idiosyncratic philosophy readings :
three German philosophers - Joachim Ritter, Hermann Lübbe and, most
prominently, Odo Marquard - have for many years (since the late 1950s)
argued for what they call a "Compensation Theory" of the two cultures,
arguing that both aspects of knowledge production are intimately dependent
on each other.
The argument, as far as I can recall, goes thus:
the humanities are a response to problems arising from the historic and
contextual neutralization necessitated by the scientific method - for in
order to neutralize the context and to neutralize history well one must know
what they are. Also, this neutralization of key modes of human perception
brings forth the need to compensate for an perceptive imbalance, and so the
humanities take on the role as "stories of conservation, sensitivity and
The fertile, but essentially anti-narrative world view of the sciences
produces a desire for stories - and the humanities were created to
compensate for that desire. Thus, and contrary to dominant opinion, the
sciences actually pre-date the humanities in their current form - pursuits
such as history etc in the pre-scientific age were more holistic approaches
to knowledge production (Aristoteles etc) - until the isolation and
deepining of one mode of knowledge production in the sciences called forth
the need for the similarly focused, precise and narrative compensatory
knowledge production, that of the Humanities...
I do not have the book with me but I remember a lucid article by Marquard
called "Philosophie des Stattdessen" (Philosophy of the Instead) discussing
this theory. And, I have no clue if these ideas have found any traction in
the Anglo debate on CP Snow.
Perhaps someone who really knows these things intimately can tell me ?
2009/5/12 roger malina <firstname.lastname@example.org>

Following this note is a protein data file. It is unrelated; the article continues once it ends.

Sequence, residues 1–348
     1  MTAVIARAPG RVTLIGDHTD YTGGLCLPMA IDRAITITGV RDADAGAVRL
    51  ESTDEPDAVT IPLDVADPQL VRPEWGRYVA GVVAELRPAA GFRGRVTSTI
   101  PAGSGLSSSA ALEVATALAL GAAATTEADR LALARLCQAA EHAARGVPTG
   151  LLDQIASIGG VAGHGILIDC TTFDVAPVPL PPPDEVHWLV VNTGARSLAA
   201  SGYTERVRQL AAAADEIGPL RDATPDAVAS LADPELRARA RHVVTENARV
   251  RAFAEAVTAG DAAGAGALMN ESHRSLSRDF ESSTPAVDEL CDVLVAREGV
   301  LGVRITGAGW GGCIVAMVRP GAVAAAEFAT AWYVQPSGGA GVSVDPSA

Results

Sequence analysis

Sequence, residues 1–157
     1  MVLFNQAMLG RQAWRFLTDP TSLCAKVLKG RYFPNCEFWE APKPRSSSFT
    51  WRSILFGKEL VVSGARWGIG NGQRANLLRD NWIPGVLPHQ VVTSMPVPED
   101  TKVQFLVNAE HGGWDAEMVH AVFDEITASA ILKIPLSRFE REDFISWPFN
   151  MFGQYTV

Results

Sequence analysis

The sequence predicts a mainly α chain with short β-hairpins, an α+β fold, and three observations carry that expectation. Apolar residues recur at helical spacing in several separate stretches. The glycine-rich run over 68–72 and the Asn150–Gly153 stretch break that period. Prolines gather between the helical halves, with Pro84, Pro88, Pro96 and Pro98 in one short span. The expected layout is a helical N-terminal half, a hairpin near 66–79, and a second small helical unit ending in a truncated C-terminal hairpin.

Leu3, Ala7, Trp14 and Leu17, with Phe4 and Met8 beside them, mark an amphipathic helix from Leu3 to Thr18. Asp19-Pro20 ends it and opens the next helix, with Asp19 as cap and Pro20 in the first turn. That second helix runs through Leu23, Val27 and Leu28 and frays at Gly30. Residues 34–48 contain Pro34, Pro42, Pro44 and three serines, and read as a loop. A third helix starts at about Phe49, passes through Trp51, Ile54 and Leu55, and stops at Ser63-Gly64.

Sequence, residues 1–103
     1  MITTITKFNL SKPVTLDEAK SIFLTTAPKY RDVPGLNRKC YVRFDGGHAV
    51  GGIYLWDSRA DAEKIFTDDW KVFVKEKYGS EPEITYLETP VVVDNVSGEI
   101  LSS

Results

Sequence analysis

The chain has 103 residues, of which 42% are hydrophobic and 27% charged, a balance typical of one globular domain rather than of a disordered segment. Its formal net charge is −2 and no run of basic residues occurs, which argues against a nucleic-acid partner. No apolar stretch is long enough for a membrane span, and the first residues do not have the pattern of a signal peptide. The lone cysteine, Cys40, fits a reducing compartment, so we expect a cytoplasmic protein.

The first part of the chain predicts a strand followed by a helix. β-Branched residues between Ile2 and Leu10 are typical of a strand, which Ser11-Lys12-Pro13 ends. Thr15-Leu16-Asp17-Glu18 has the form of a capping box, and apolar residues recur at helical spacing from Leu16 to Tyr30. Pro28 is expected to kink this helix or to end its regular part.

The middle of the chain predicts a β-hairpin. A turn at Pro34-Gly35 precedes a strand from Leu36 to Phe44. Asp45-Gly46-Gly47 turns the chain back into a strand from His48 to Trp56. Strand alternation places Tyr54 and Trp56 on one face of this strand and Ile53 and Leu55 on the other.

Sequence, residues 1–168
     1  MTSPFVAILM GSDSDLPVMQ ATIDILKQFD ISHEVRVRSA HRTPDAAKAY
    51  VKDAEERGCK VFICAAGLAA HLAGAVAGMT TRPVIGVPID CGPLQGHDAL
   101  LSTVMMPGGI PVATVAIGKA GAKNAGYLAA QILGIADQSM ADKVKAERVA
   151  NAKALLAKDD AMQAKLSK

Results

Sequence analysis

> I enjoyed your story about random generators on computers
> that in fact are pseudo random generators
> the conclusion of your story was
> ¨""That's the story. Its point is that students usually have no way to
> understand, let alone develop for themselves those transformations.
> But they do need them now. C.P. Snow would treat this more or less as
> a language problem. The two cultures cannot talk to each other. But I
> have come to believe, it is a matter of attitude. What do you expect
> and request from yourself!""
> Frieder Nake
> I think I agreee with your point= its what I call the burning issue
> When you really need to do something you dont ask the question what
> university department teaches it, or which funding agency paid for it,
> you work with the people who have the expertise you need whether they
> have a phd or not or what profession they call themselves.
> But the problem is quite deep, because depending on the way you
> grow up, some things are natural and some things are really difficult;
> I was just reading Alan Lightman's book of essays " a sense of the
> mysterious" which is a great book on the two cultures debate
> ( there is an interesting interview of him on line
> Lightman re iterates a " wisdom" that i remember my father telling me
> as a kid= Alan Lightman makes the generalisation that there are
> a number of good examples of first rate scientists who went on to
> do good work in the arts and humanities, but there are almost
> no examples of people who started their careers as artists and then
> went on to make important discoveries in the sciences or engineering
> or mathematics
> If he is right= there is not only a matter of the attitude as you argue,
> or of language problems as you quote Snow, but that in fact the way
> we are trained as kids and young people actually changes your brain
> and the way that you perceive the world; Someone with a strong
> mathematical training as a young person, actually sees the world
> differently and
> thinks differently than a person trained and who worked as a poet or
> in their youth.
> Is this true ? is this "asymmetry" true between how the arts and the
> as training affect a brain structure/cognition/perception differerence ?
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